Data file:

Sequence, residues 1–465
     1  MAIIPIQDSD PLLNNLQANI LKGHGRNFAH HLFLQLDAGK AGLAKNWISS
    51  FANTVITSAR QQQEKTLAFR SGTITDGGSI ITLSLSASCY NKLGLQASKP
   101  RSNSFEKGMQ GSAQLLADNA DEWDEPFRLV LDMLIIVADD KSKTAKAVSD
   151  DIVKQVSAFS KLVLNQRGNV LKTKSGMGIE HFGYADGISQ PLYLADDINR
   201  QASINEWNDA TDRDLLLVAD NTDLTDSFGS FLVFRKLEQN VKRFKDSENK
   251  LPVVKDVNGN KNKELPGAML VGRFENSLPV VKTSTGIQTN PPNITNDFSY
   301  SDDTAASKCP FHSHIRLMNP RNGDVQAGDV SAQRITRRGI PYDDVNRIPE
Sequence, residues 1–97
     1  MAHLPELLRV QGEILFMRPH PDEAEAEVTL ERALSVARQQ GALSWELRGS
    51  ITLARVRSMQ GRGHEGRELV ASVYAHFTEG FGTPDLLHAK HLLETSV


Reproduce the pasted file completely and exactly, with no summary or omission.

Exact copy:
Sequence, residues 1–465
     1  MAIIPIQDSD PLLNNLQANI LKGHGRNFAH HLFLQLDAGK AGLAKNWISS
    51  FANTVITSAR QQQEKTLAFR SGTITDGGSI ITLSLSASCY NKLGLQASKP
   101  RSNSFEKGMQ GSAQLLADNA DEWDEPFRLV LDMLIIVADD KSKTAKAVSD
   151  DIVKQVSAFS KLVLNQRGNV LKTKSGMGIE HFGYADGISQ PLYLADDINR
   201  QASINEWNDA TDRDLLLVAD NTDLTDSFGS FLVFRKLEQN VKRFKDSENK
   251  LPVVKDVNGN KNKELPGAML VGRFENSLPV VKTSTGIQTN PPNITNDFSY
   301  SDDTAASKCP FHSHIRLMNP RNGDVQAGDV SAQRITRRGI PYDDVNRIPE
Sequence, residues 1–97
     1  MAHLPELLRV QGEILFMRPH PDEAEAEVTL ERALSVARQQ GALSWELRGS
    51  ITLARVRSMQ GRGHEGRELV ASVYAHFTEG FGTPDLLHAK HLLETSV